Every year, the media report the latest government ratings of nursing facilities. It’s understandable given we want to know which facilities are best for our loved ones.
But ratings don’t tell the whole story. If government wants to give an accurate grade, officials should start looking at how they’ve funded Medicaid over the past decade, because we’re approaching a crisis.
Pennsylvania has the fourth-largest population of people older than 85 in the U.S. The need for services including nursing facilities is exploding; yet Pennsylvania isn’t keeping pace with health-care inflation. In fact, Pennsylvania has failed to provide an increase on three occasions, including flat-funding the current state budget.
As a result, facilities lose $20 to $25 per day for every Medicaid resident in their care. Nearly 2 out of every 3 residents rely on Medicaid, which equates to a loss that makes it impossible for facilities to keep up, let alone improve.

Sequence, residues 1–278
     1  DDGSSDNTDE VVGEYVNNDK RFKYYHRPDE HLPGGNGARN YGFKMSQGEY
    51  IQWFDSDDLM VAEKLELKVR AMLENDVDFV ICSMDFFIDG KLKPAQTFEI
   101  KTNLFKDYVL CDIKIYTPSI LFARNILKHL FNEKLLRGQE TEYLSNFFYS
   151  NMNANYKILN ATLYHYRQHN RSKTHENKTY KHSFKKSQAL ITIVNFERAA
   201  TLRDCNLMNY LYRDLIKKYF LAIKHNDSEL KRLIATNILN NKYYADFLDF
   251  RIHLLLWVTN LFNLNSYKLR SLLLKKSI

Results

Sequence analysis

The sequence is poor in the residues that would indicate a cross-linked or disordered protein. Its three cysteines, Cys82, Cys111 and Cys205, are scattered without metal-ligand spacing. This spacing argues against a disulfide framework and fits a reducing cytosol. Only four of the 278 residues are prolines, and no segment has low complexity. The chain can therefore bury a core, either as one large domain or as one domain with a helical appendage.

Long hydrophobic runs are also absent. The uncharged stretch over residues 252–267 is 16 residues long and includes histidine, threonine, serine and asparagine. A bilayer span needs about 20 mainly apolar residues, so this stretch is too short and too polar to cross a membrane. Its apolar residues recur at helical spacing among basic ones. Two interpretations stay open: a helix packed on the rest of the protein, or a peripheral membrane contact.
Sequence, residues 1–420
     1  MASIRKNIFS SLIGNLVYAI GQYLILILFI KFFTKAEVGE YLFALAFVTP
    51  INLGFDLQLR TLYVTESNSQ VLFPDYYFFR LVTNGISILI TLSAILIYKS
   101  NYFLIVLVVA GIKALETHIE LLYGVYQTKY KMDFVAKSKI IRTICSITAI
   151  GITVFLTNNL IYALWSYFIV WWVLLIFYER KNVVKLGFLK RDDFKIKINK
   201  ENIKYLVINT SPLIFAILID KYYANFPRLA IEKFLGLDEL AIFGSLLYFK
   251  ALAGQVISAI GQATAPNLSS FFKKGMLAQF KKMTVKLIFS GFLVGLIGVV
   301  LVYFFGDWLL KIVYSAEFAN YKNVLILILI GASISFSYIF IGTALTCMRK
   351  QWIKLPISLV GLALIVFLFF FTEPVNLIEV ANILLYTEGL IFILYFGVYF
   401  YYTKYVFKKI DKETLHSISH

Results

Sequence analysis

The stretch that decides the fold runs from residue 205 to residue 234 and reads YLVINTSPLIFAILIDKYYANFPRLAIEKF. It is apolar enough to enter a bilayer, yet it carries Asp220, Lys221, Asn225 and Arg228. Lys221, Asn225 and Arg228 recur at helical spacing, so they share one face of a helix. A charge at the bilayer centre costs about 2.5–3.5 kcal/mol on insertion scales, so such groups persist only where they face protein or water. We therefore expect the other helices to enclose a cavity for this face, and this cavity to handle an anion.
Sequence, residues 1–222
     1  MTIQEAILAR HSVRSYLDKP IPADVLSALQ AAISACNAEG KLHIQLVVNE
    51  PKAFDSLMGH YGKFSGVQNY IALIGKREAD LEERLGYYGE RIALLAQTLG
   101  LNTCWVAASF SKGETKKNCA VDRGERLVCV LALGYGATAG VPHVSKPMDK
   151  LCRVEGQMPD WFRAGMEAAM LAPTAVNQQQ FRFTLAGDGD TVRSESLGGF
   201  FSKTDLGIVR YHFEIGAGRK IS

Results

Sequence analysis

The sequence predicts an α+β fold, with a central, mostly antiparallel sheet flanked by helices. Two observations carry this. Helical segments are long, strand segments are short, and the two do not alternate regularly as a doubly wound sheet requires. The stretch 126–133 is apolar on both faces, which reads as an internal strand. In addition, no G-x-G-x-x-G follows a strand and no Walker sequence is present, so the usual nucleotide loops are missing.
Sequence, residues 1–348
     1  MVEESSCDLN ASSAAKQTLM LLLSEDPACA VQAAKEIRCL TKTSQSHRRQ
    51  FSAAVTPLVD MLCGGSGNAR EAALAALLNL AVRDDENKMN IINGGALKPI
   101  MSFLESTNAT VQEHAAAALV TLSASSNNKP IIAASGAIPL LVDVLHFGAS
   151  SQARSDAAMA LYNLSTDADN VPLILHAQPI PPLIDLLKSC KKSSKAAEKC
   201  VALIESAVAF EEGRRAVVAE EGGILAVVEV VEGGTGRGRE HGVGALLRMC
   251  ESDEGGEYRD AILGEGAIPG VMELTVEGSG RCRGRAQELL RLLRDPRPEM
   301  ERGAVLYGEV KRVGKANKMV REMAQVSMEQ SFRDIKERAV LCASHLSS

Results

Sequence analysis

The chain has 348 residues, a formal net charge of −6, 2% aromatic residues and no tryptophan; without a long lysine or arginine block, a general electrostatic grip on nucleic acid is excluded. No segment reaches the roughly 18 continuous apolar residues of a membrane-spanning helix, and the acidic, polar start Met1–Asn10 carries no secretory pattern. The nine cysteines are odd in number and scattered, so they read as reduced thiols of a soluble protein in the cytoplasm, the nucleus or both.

Sign Up and Save
Get six months of free digital access to the Centre Daily Times
Pennsylvania can begin to address this by taking two steps this year.
First, Medicaid funding must be increased by at least 3.5 percent in the 2016-17 budget. Second, Pennsylvania must fully fund the Medical Assistance Day One Incentive, a program created to help preserve access to care for vulnerable seniors on Medicaid.
For a decade, facilities have been asked to do more with less and are graded without regard to funding cuts. It’s time to make seniors a priority in this budget and give facilities the resources necessary to achieve their mission.
Ronald Barth and W. Russell McDaid
Barth is president and CEO of LeadingAge PA; McDaid is the president and CEO of the Pennsylvania Health Care Association.